Wednesday, 16 May 2012

Why I called this blog Saving and Investment


I called this blog Savings and Investment because the basic national income accounting entity that equates savings with investment symbolizes, in my mind, the difficulty connecting finance with economics. With the national income account and some basic algebra, the savings equals investment equality can be easily derived:

Y = C + G + I + NX  (output = consumption + government + investment + net exports)
Savings =  Y - C - G (savings = output - consumption - government
Savings = I + NX  (savings = investment + net exports)
Savings = Investment (for a closed economy or the world as a whole)


Does the savings equals investment equality imply that when an individual saves part of their income, in the form of a bank deposit, investment increases by the same amount?  The answer is no.  Does the answer change if your saving is used to purchase equity in a company? Not necessarily. Do banks refuse to lend money to consumers because of a lack of savings?  Again, no. These answers are not intuitive given that savings equals investment.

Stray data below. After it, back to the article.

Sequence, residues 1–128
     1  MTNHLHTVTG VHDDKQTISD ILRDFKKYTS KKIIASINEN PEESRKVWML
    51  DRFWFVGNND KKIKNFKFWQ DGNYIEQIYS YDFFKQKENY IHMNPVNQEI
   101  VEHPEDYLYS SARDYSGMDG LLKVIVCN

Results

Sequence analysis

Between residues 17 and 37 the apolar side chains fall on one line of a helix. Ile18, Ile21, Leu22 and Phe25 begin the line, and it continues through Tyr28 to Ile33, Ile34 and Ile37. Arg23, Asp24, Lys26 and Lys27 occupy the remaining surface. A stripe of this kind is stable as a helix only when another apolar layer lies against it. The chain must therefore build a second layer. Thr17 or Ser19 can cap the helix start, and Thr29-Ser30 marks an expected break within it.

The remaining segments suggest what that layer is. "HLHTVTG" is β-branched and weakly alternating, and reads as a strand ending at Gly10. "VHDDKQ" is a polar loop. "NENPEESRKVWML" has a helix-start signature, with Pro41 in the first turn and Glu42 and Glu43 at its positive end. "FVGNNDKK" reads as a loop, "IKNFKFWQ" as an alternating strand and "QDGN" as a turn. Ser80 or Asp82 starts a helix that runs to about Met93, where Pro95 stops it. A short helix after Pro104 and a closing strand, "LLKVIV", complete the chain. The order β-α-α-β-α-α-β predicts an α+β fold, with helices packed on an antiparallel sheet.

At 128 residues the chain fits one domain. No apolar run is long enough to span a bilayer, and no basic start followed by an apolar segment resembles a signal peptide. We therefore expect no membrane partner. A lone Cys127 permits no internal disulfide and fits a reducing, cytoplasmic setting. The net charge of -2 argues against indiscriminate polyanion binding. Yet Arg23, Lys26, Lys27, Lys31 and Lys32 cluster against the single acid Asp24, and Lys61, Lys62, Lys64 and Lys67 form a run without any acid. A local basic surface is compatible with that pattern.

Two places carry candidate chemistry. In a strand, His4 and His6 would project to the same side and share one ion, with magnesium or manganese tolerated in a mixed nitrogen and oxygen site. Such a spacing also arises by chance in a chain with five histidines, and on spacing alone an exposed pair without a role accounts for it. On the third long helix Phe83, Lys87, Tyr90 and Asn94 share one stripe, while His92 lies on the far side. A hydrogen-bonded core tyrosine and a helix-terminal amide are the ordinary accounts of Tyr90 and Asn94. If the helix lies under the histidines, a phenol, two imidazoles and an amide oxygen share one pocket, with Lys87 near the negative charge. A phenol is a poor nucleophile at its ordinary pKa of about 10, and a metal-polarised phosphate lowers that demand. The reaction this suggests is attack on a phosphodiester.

With my graduate degree in economics and the CFA designation, I have not, to my satisfaction, been able to bring the pieces of my knowledge together to form a coherent understanding of how finance and economics interacts.  For example, some economists maintain monetary policy in the United States in the early to mid 2000s was too loose, causing asset price bubbles, ultimately leading to the financial crisis.  Other economist claim monetary policy was appropriate.  Who's right?  I want to know!

Macro economists have traditionally, following the lead of Paul Samuelson, concluded that finance is merely a "veil" between savers and borrowers, having no real impact on the economy.  The recent financial crisis clearly demonstrates finance is more than a veil, and matters to the real economy.

I intend to explore these and related issues in this blog.

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